We evaluated the management strategies with a model of the rabies-fox system which is tailored to emergency control planning. We applied a spatially-explicit, individual-based, time-discrete modelling approach [32–34]. This approach had already proved practical in studying the spread and control of rabies in foxes [26, 35–37] and to provide useful management support . Thus, previous models [26, 35, 36] were enhanced in order to cope with the new question. The rules of rabies dynamics between the fox family groups, as well as individual dispersal of juveniles after maturity, were adopted from the basic model [35, 36]. The spatial unit of a fox group home-range was also maintained because it had proven suitable for studying the disease spread on the regional scale [20, 38, 39]. Group home-ranges are implemented within regular grid cells, and the obtained results would not change if the grid cells were replaced by irregular shaped home-ranges of a given mean-size. This is because the dispersal movements are modelled relative to group home-range size [35, 40, 41] and not in metric measures [36, 42–45]. This approach incorporates an implicit adjustment of the fox density effect . A metric reference to fox densities within central Europe is realised by means of the mean-fox-group home-ranges (i.e. cells) corresponding to 1 sq. km. Compared to previous rabies models which had addressed an introduction of rabies [20, 25, 31, 47, 48], it was necessary to extend the simulation area (i.e. 256 times 256 cells corresponding to ~65.536 sq. km in a central European scenario) in order to allow relevant dimensions of the control area. The representation of the control area by a regular ring or circle within the model is an abstraction. When applied to real landscapes the vaccination areas are non-regular, as they are usually determined by administrative borders, hence certain excess areas must be baited additionally. Thus the geometric simplification in the model represents the required core area, which must at least be covered by the vaccination area defined along administrative units. But, the aim of our study necessitates a further step in scaling down the basic model . The temporal resolution was refined to a weekly time step, since the success of an emergency vaccination depends on the time of introduction of rabies into the fox population, the time until detection of the epidemic, and the timing of the initial vaccination campaign [7, 17, 20]. The model rules were complemented with ecological characteristics of, and disease transmission between, individual foxes of a group. The individual-based representation enables a locally varying immunisation level due to non-homogeneous bait uptake [50, 51] or individual foxes moving across the border of the vaccination area. The effect of these issues might be negligible for vaccination success on a geographical scale,  but it becomes serious for the few rabid animals after an outbreak or a spatially limited vaccination area WITHIN a landscape.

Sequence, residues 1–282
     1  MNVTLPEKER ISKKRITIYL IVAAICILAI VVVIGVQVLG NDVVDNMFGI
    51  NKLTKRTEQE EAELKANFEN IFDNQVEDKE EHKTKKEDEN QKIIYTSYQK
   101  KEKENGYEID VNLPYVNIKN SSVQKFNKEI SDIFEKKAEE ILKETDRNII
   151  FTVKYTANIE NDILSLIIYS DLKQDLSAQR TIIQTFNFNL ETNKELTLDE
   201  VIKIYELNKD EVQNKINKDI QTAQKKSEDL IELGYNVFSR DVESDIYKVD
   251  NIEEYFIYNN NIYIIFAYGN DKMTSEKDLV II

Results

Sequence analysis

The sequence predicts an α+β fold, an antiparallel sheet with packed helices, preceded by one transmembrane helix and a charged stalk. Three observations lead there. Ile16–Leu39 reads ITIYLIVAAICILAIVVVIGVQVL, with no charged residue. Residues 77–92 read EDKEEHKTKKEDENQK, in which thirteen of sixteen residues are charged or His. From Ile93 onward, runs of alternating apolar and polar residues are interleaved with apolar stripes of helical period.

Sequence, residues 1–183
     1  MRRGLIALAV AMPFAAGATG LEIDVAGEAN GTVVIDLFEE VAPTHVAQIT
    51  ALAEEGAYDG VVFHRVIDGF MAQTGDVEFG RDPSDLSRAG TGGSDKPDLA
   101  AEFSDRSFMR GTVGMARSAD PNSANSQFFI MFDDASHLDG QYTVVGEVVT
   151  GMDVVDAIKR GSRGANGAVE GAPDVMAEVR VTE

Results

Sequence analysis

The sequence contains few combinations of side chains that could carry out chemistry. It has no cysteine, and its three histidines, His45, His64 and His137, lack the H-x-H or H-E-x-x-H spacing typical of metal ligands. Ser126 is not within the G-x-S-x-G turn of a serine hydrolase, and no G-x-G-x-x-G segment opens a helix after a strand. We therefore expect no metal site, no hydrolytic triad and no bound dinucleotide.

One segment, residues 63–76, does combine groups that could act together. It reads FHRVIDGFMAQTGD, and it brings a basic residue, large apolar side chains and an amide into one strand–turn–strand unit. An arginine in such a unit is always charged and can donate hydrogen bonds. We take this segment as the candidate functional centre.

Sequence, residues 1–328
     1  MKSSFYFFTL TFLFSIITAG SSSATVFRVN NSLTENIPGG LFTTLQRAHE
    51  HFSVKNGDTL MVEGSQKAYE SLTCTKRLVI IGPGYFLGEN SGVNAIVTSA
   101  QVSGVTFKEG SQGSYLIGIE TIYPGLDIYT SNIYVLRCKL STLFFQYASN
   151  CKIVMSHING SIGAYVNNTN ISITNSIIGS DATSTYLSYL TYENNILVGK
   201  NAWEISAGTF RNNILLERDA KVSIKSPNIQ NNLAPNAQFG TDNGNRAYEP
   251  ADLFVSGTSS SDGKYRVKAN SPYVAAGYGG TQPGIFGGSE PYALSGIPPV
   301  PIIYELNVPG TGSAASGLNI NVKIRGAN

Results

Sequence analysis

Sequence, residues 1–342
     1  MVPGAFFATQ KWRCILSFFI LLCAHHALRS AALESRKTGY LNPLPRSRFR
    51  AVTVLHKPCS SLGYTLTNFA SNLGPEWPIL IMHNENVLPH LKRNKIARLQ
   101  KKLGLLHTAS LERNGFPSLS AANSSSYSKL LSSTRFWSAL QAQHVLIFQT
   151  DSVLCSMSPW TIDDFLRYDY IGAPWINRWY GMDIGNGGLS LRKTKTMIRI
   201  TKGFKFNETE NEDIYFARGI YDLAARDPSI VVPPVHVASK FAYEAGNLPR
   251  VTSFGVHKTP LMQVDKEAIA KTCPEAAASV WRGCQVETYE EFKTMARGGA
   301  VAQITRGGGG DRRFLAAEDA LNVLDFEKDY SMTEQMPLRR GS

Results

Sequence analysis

Basic fox population model
Each cell comprises a family group [38, 52] of age-classified individual foxes (juvenile, adult). Fox groups in the field contain on average 2–3 adults (i.e. 1 male and 1–2 females) before reproduction [52–55]. The pattern is realised in the model by assuming a maximum group size of 5 adults [46, 56] together with the mortality and dispersal process. For parameterisation see Table 1.
Reproduction is scheduled in the first week of April. All non-empty cells produce a litter of a normally distributed number of cubs with mean of 5.5 and a standard deviation of 1.5 [44, 57, 58, 62–64]. Fox groups which consist of exactly one individual reproduce with 50% probability. This rule accounts for floaters and multiple mating males as well as for non-reproducing males [53, 65, 66].